A short story, relevant in wake of the current controversy about army’s funding of mainstream politics in Jammu & Kashmir. A village school is caught between a patronizing regiment of army and the collaborative village head. The only weapon that the senior most students have is to be indifferent to both.


It is a normal village-house-sized building of concrete. Built from sudden charity-like funds (sanctioned from one of the lengthy-named educational schemes after a stray visit of the zonal education officer). It is built on a cattle-grazing land, disputed among several local farmers: Muhammad Sultan Beigh, Ghulam Nabi Rather, Ghulam Hasan Dar etcetera, etcetera. The school is nestled in a dense walnut trees’ grove.

The classrooms are unplastered even from inside and the upper primary and middle wings are still windowless. But the whole structure has a brand-new, shiny TATA-tinned roofing, so glittering that it could wink a hovering aeroplane down from the heavens. The tin sheets run over a truss of fresh poplar rafters. The truss is naked from inside and no ceiling covers it. It is the intervention of the walnut trees that saves the tin from becoming furnace hot when the summer sun is at its best.

Haji Nissar, the principal of the school, an aspiring zonal education officer, a former core member of the local unit of Jama’at-e-Islami (a religious organisation: preacher of political Islam, aspiring to create an Islamic state) has promised to come back in the late afternoon once he is up from his lush paddy field. Stray cattle are giving him a tough time, and then there is also this nuisance of sparrows, sparrows who peck out the grains even before they have taken any form on the crop. He has wanted two teachers, rival aspirants for a single post of Head Master in the same school, to help him with the scarecrows; and fencing, which is, considering the immeasurable dimensions and vastness of the land, possible only on half a side. The teachers too are supposed to stroll back to the school, with their bitter willow miswaaks, tucked deep in their cheeks, by late afternoon.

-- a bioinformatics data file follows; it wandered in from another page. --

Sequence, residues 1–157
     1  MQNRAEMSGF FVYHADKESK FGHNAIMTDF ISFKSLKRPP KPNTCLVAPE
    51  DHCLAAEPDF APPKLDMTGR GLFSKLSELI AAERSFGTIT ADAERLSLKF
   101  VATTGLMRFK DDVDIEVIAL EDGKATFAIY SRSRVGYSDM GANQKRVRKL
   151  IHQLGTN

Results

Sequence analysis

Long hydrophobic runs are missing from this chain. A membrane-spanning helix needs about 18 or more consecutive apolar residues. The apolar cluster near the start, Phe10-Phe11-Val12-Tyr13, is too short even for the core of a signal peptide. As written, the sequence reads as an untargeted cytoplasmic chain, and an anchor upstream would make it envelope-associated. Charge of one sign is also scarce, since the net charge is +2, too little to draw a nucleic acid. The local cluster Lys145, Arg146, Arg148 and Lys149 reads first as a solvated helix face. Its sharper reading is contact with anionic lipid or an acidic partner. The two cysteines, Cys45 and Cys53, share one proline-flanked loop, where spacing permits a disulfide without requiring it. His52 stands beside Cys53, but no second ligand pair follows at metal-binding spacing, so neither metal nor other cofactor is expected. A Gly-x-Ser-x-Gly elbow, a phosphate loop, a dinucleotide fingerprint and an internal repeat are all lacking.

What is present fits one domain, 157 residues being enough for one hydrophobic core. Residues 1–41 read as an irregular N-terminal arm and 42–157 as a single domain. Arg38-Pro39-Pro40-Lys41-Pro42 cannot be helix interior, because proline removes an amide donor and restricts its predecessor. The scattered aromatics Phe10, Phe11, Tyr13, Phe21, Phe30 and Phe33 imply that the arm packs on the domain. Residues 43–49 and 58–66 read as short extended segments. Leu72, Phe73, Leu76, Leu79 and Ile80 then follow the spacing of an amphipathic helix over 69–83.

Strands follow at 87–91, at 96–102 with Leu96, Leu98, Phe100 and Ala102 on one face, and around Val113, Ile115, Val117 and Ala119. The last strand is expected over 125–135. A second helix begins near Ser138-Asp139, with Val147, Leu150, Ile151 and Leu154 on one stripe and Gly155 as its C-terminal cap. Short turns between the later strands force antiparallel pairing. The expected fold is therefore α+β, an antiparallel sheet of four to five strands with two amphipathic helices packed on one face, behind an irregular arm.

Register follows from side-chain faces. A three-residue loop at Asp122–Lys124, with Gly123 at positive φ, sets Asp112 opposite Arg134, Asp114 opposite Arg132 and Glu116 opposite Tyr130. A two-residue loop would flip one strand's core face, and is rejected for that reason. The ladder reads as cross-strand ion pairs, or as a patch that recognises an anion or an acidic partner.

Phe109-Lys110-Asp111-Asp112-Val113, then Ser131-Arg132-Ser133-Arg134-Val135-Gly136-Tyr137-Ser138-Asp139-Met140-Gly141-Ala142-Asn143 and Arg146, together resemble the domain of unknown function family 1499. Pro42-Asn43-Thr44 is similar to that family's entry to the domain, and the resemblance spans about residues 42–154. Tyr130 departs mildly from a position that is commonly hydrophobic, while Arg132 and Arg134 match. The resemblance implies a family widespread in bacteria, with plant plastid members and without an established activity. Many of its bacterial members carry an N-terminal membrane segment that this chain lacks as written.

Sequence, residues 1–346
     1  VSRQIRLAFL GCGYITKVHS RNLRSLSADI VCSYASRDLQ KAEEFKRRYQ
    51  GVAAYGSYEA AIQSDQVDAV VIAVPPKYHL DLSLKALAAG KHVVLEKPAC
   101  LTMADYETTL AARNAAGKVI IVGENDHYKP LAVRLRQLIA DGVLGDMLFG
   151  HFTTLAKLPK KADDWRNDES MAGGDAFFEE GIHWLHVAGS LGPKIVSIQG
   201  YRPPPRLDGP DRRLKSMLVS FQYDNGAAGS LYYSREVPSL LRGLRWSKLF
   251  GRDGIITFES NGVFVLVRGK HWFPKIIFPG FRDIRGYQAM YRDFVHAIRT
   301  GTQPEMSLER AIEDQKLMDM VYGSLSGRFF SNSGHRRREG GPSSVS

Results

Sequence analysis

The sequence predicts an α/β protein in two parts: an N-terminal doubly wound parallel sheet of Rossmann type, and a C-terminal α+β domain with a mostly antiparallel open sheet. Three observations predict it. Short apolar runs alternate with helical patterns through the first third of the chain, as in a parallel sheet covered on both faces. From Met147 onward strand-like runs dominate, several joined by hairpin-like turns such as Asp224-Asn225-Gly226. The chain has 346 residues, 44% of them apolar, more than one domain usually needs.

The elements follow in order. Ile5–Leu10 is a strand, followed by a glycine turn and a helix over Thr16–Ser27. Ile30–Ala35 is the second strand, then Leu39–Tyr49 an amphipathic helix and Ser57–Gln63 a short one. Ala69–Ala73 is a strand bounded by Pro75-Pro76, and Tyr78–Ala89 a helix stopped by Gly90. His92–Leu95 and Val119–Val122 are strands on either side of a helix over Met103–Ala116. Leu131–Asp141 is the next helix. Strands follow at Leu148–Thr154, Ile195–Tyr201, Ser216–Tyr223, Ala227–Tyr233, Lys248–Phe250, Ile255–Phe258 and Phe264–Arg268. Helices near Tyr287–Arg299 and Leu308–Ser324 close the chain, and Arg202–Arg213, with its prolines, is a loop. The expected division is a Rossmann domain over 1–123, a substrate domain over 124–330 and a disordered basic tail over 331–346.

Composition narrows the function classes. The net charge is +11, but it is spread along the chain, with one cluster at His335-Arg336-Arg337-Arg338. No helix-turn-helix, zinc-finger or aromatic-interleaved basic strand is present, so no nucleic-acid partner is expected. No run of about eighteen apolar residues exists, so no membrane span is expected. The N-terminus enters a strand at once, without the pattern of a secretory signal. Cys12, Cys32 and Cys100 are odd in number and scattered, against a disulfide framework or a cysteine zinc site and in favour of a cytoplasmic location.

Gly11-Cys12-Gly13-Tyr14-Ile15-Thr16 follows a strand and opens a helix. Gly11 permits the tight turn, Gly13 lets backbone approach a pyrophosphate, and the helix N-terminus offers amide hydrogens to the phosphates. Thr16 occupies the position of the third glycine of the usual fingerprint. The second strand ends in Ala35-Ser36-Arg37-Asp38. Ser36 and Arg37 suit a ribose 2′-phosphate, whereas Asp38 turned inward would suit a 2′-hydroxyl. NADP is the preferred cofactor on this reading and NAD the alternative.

Mr. Manzoor Peer, the Head Master of the school, who belongs to Srinagar has to burn litres and litres of expensive petrol in his 800-CC car, at the cost that surpasses half of his gross monthly salary, to reach the school daily, seldom on time. Let alone the price he has to pay for the maintenance of his car. Especially for the wheels that the three-kilometre long raw, rutted, pitted and dusty dirt-track—entering into the interiors of the hamlet from the main road and ending at the school—consumes.

Recently, after he got the car washed at a workshop and the car had yet to lose its after-wash sheen, someone cracked raw walnuts on its bumper while Mr. Manzoor Peer, after assigning his class to loudly mug some English sentences, was busy giving the principal and the village teachers lessons on how to run the school the city way.single screens

In fact, Mr. Manzoor Peer has demanded to take a few days off—not on any casual leave, though he has enough of them, unexhausted, in his account—and wanted his attendance to be accordingly adjusted. Principal Nissar understands well, that more than the anger, over the walnut incident on the bumper of his car, Mr. Manzoor Peer needs some time to get his newly built house slabbed in Srinagar. Mr. Manzoor has recently broken off his joint family in the downtown of the valley. Haji Nissar has been pleased enough to grant the adjustment and even has offered to arrange pure cedar wood, at a cheap rate, for the windows of Mr. Manzoor Peer’s new house.